Giant's Causeway | Shutterstock/Kanuman

The Game Of Thrones Itinerary

Waiting for the final season of Game of Thrones to air is as torturous as Ramsay flaying Theon. But you can get your fill of Westeros by taking this Northern Ireland route  through Game of Thrones territory, where much of the show is filmed. Start in the Mourne Mountains, where Sansa and Littlefinger rode to the Eyrie, then head to Tollymore Forest Park’s gothic bridges and caves -- where Bran first encountered the Three Eyed Raven. You’ll also recognize parts of the Kings Road, Stannis Baratheon’s Dragonstone, and the Iron Islands.

Must See Stop: You’ll want to sit down for this: the farmyard at Castle Ward in County Down is the set of Winterfell. That’s right, you can explore where Bran was pushed out of the window and the castle courtyard, try your hand at archery, and even meet two of the Direwolves from the show -- Northern Inuit dogs Odin and Thor, who play Bran and Robb’s Summer and Grey Wind. Yes, you can pet them. Odin even rolls over for belly rubs.

Guinness Lake, Wicklow Mountains | Shutterstock/Rainprel

Dublin and Dublin’s Doorstep

If you wanted to, you could easily spend an entire trip in Dublin, visiting museums, ordering up a pint at an endless number of historic pubs, and eating your way through town. But do squeeze in a trek to some of it’s neighboring towns. Glendalough, a town between two lakes that’s charmed visitors for more than a century, boasts a 6th century monastic site in the middle of town. Plus, it’s perched in the Wicklow Mountains, where there are 80 miles of hiking trails.

If you want to be stunned by the powers of the sea, County Dublin is particularly rich in coastal charm. The allure of Killiney stretches so far back this place was a beach resort back when people didn’t even get days off from work. Come for the hikes, but stay for the view; photographers, bring your wide-angled lenses. Nearby Dalkey, at the southern crescent of Dublin Bay, has become a seaside retreat for celebrities, with lots of walkable tours whether you’re into nature or history. On the other side the bay lies the northern peninsula of Howth Head, where the titular suburb of Howth hosts over a thousand years of history (much of it nautical) in the still-wild hillsides that characterize it.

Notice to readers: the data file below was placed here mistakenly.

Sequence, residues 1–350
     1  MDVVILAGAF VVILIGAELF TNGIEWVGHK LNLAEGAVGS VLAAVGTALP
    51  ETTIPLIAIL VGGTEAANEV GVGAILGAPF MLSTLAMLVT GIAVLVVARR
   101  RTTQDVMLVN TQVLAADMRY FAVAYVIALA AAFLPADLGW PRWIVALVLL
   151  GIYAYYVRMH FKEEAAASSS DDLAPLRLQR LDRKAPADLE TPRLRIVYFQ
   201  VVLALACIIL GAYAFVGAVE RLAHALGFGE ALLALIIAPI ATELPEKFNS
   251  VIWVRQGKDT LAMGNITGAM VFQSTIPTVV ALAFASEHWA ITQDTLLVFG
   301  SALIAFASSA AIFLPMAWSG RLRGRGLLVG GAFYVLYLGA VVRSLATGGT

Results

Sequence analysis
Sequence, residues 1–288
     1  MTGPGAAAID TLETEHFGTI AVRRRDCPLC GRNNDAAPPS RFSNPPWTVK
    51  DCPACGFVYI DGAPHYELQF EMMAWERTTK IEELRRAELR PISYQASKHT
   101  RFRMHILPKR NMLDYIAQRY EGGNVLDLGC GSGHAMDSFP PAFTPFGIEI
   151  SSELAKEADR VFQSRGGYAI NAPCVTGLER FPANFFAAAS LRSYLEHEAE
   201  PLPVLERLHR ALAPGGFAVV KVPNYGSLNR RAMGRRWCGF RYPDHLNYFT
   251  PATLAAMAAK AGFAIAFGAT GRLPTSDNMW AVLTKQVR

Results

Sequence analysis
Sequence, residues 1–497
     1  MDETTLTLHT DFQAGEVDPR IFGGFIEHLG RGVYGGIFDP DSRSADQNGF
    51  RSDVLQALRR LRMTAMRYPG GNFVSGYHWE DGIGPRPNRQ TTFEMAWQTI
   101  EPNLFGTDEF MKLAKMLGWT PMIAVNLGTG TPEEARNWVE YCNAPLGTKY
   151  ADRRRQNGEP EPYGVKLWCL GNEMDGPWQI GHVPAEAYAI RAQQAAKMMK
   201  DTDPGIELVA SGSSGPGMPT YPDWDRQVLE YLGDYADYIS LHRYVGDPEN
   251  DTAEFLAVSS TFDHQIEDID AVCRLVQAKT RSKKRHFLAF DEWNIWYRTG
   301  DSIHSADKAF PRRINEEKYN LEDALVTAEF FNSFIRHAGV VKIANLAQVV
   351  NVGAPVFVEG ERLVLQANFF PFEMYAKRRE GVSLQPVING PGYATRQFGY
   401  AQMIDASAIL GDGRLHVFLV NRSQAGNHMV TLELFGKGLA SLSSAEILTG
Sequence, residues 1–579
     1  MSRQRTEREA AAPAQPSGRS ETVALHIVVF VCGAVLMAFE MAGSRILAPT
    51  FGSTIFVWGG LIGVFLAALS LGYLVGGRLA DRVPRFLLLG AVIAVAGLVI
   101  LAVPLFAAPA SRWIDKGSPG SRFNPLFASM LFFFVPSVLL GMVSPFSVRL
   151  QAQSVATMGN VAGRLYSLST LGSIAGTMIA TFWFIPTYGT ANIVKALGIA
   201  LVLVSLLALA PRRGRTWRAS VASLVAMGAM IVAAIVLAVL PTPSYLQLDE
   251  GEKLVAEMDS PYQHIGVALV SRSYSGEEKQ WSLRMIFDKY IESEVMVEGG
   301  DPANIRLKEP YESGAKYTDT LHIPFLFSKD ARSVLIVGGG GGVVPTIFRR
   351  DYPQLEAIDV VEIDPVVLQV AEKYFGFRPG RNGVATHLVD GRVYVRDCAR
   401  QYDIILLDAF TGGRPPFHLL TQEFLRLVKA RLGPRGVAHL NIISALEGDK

Must See Stop: About 12 miles from Dublin as the crow flies, lies the Powerscourt House, a Palladian estate that also is home to Ireland’s largest waterfall. You can roam through the garden’s winding walkways and see statues from Rome, Parisian fountains, plus hundreds of different plants and flowers.

River Lee, Cork City | Shutterstock/Stephen Long

Southwest Food Tour of Ireland

Towns and cities along this route are teeming with food halls, serving up goodies like artisanal cheese, charcuterie, and the freshest seafood. Start with Cork city’s English Market, a Victorian marketplace that’s been open for over a century, where you can sample award-winning pâtés from On the Pig’s Back or tripe and dishreen (aka classic Cork dishes) from Farmgate Café. Then take a quick side quest to the fishing port of Youghal (where seafood dishes like steamed Glenbeigh mussels pop up on local menus) before heading back on the main route to Clonakilty for black pudding. It’s an Irish breakfast staple that local chefs are using at all times of day and in all kinds of ways, like pairing with fresh scallops. The loop covers 15 towns and takes about six days, so make sure you bring stretchy pants.

Must See Stop: Limerick’s Milk Market has been open since 1852, and hosts dozens of creameries, bakeries, and the “Mushroom Man,” aka Peter McDonald. He grows a bunch of varieties at a nearby facility, which you can try in every possible form, from barbecued to soups. Also be sure to pick up a salmon and haddock pie (or any of the other five savory pie varieties) from Piog Pies.

Lough Erne | Shutterstock/Helioscribe

Northern Ireland’s Lakeland Region

Fermanagh Lakelands are known for scenic lakes and abundant wildlife. Its main attraction is Lough Erne, a two-lake system that covers most of Fermanagh, and is perfect for wakeboarding. Next, travel about 60 miles east to the fishing village of Portaferry on Strangford Lough -- an officially designated “Area of Outstanding Natural Beauty.”

Must See Stop: The Mount Stewart Gardens are among the top 10 gardens on the planet per the United Nations Educational, Scientific and Cultural Organization and thanks to Strangford Lough’s subtropical microclimate, they are incredibly diverse. Some have an Italian vibe, while others feel like enchanted forests. The Mount Stewart castle just reopened after a three-year project, so take a peek inside to rate the renovation.